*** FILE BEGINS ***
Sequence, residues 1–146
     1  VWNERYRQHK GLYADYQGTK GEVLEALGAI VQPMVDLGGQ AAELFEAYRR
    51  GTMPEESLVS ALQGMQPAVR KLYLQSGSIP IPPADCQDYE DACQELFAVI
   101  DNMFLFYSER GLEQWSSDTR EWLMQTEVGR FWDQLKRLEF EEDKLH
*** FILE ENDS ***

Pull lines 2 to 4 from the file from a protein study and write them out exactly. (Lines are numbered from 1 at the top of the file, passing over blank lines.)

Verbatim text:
     1  VWNERYRQHK GLYADYQGTK GEVLEALGAI VQPMVDLGGQ AAELFEAYRR
    51  GTMPEESLVS ALQGMQPAVR KLYLQSGSIP IPPADCQDYE DACQELFAVI
   101  DNMFLFYSER GLEQWSSDTR EWLMQTEVGR FWDQLKRLEF EEDKLH